Stories from the PhilippinesJim Ross, CESO Volunteer Advisor June 1, 2017
Volunteer Advisor Jim Ross has been doing CESO assignments in aquaculture, watershed management and environmental protection since 2003. Here, he reflects on two outstanding local connections he made while on assignment in the Philippines.
I met Jofel in Buguey, the Philippines in 2009. Jofel was held in high regard in the area. He had worked in the US for eleven years before returning to the Philippines. I asked him if he had retired. No, he explained, he had just tired.
Prior to his venture in the States, Jofel had been a councillor for the Municipality of Buguey, but he had no interest in re-establishing his political career. He felt that he could do more good for the community as a private citizen. To this end, he established a small private micro-loan business that catered to the locals.
Jofel’s family owned fishponds upriver from the Buguey Bridge on a channel off the main river. The land had belonged to his father who was one of the original fishpond farmers in the area. His father had owned 1500 hectares of land in the area, most of which was covered by dense mangrove shrubs. In those early days, his father and mother dug their fishponds by hand. They also dug the channel from the river to bring in brackish water in which to grow their fish and prawns. Initially they had planned on bringing water directly by pipe from the North China Sea, but this idea proved too expensive. Over the years, they sold off about half of their holdings. Jofel had farmed fish on the remaining 800 hectares until he left for the States.
Jofel was deeply interested in the betterment of his community and in improving the environment of the lagoon that bore its name. He told me that, in previous times, the lagoon had been healthy and provided well for the fish farmers of the area. Now, it was in failing health, due, he thought, in large part to a series of sluice gates limiting flow from feeder creeks. He believed that these gates had changed the ecology of the lagoon over the past 20 years. The cost was a loss of many jobs, and an almost complete eradication of the locals’ way of life.
Jofel hopes that somehow they will eventually manage to restore the salt water regime of the lagoon, and he can once again enjoy farming fish and watching the lagoon flourish.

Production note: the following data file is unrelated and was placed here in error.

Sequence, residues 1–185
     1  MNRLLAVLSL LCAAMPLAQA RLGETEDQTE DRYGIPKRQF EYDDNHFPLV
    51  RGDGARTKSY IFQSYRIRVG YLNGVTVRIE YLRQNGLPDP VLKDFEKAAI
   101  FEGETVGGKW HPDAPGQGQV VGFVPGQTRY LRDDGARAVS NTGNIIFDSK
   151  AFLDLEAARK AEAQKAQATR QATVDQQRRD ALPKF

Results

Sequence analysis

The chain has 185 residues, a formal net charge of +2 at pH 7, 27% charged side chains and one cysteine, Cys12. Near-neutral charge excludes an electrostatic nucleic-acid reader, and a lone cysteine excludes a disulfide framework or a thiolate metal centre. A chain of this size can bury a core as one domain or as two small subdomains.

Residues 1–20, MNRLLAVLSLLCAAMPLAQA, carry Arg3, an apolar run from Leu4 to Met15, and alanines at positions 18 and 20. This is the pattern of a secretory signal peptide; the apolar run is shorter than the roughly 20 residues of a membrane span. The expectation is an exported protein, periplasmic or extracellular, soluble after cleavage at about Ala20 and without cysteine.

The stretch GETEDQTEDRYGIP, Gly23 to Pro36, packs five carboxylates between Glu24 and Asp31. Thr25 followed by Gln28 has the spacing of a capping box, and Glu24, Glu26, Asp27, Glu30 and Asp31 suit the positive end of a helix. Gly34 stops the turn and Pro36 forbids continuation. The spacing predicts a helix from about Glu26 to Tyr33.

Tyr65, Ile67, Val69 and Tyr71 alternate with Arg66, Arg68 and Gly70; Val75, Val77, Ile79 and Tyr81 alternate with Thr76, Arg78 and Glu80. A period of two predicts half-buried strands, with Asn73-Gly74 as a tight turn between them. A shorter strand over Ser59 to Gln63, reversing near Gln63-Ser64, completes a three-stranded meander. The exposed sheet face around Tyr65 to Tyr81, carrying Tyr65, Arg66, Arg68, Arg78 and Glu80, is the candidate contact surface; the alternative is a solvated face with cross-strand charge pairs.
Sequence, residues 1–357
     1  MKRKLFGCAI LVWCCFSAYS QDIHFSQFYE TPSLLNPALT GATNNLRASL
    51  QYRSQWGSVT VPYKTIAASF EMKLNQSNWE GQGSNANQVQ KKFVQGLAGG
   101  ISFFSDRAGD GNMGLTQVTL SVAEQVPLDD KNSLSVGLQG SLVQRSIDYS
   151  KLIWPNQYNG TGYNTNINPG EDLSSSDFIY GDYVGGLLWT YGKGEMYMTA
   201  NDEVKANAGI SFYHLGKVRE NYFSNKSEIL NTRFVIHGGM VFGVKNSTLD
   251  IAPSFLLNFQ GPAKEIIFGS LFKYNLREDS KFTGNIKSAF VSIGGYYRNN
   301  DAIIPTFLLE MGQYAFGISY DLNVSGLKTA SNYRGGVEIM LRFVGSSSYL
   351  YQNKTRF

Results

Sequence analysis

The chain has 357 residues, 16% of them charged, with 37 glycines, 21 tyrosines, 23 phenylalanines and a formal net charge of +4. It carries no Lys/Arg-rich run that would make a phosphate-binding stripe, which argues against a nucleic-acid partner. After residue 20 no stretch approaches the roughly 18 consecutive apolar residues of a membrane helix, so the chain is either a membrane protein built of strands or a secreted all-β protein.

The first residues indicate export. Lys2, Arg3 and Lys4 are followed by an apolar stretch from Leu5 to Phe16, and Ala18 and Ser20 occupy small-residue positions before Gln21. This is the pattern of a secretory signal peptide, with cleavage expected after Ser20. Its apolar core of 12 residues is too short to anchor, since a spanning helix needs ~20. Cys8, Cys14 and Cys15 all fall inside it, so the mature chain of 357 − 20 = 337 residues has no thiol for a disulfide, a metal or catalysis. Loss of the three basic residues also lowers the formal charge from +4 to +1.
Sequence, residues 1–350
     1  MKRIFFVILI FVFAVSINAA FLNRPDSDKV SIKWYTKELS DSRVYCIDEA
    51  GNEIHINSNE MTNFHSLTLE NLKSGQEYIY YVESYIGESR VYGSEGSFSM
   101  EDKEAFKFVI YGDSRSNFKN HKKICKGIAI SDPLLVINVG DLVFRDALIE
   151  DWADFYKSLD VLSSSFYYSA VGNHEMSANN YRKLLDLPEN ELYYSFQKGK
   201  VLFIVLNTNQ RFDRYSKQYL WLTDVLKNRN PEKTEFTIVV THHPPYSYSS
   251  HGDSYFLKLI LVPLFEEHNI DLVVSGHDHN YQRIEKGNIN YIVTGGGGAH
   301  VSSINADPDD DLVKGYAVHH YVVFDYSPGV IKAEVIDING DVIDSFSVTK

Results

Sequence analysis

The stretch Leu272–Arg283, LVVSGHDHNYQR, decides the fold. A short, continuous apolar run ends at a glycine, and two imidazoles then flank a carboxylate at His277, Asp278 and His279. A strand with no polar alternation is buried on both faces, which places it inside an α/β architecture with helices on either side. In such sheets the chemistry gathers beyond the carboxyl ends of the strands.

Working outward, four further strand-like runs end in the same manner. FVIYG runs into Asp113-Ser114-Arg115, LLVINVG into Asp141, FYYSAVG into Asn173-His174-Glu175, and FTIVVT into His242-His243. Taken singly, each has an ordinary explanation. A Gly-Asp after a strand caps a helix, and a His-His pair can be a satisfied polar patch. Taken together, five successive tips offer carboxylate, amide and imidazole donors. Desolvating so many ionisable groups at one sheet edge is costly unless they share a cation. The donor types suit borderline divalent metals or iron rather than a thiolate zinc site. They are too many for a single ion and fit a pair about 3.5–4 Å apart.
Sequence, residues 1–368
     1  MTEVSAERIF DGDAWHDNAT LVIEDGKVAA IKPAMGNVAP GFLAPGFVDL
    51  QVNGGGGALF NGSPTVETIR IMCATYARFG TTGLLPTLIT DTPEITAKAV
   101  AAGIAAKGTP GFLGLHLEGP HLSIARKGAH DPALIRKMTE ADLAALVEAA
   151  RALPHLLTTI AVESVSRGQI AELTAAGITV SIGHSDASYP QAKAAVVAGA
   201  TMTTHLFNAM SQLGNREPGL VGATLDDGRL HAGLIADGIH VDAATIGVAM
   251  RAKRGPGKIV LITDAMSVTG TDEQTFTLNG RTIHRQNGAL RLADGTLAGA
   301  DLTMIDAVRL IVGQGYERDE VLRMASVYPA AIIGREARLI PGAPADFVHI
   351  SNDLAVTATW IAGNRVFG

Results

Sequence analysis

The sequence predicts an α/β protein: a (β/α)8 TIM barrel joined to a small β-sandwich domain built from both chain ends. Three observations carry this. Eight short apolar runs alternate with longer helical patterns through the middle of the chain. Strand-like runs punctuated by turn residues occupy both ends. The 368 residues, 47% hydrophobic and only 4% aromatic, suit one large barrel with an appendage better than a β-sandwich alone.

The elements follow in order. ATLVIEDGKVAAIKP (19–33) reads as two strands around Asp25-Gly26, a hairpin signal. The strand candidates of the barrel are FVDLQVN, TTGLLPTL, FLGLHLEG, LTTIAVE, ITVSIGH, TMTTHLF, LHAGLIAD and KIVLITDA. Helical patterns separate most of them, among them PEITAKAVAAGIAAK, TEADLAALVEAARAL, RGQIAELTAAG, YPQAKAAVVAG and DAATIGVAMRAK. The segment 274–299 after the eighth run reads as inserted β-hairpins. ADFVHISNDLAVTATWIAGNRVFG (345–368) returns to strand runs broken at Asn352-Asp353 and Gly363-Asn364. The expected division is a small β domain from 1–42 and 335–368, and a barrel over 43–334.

Victor is well into his 70’s, and he has spent his whole life as a marginal fisher in the Barangay of Bil-isan on Panglao Island in the Philippines. Most evenings he launches his little pump boat from the beach and heads about a kilometre offshore. There he spends the night handlining with a light hanging from the bow of his boat to attract fish.
I came to Bil-isan on a CESO assignment by request of the Bohol Marine Triangle to conduct a study on the sustainability of the Marine Protected Areas. This matter is of great concern to the local fishermen who depend on the marine ecosystem for sustenance. The coral reef suffers from the past practices of overfishing, dynamite fishing and impacts from boat anchors. Now coral bleaching, an effect of climate change, has ravaged the reef. The local Bil-isan Fisherfolk Association has taken on biological monitoring of the area. Silliman University has provided them with instruction in monitoring techniques and identification. The Association has very little gear, but they make up for it with enthusiasm and dedication.
Victor is President of the Fisherfolk Association, as well as Chair of the Bil-isan Marine Protected Area Committee and a member of the Bohol Marine Triangle Management Council. When the fishing is no good, or when his motor breaks, he heads to the guardhouse that overlooks his beloved Marine Protected Area. There he sits all night to ensure that no one poaches from the preserve. He sees this as important work.
On the day set aside for us to visit the Bil-isan site, Victor took my wife Linda and I to the Barangay office to introduce us to the Barangay officials. Then it was off to the reefs. Victor had the most ancient pair of swim goggles I have ever seen, held together with fishing line. As we snorkelled over the reef, Victor would occasionally stop to identify something of interest, or to explain the relevance of some little critter to me. Victor’s formal education is minimal, but his depth and breadth of knowledge is enormous.
Victor once told me that he sometimes gets grief from his wife when he heads out to work on the Marine Protected Area. I asked him what he tells her.
“My Love”, he tells her, “I am doing this for our grandchildren”.
We were so impressed by Victor’s commitment, understanding, and global perspective, that I gave him my mask and snorkel when we left. I also dedicated my report to him, reflecting Victor’s dedication to his dream that is creating a legacy.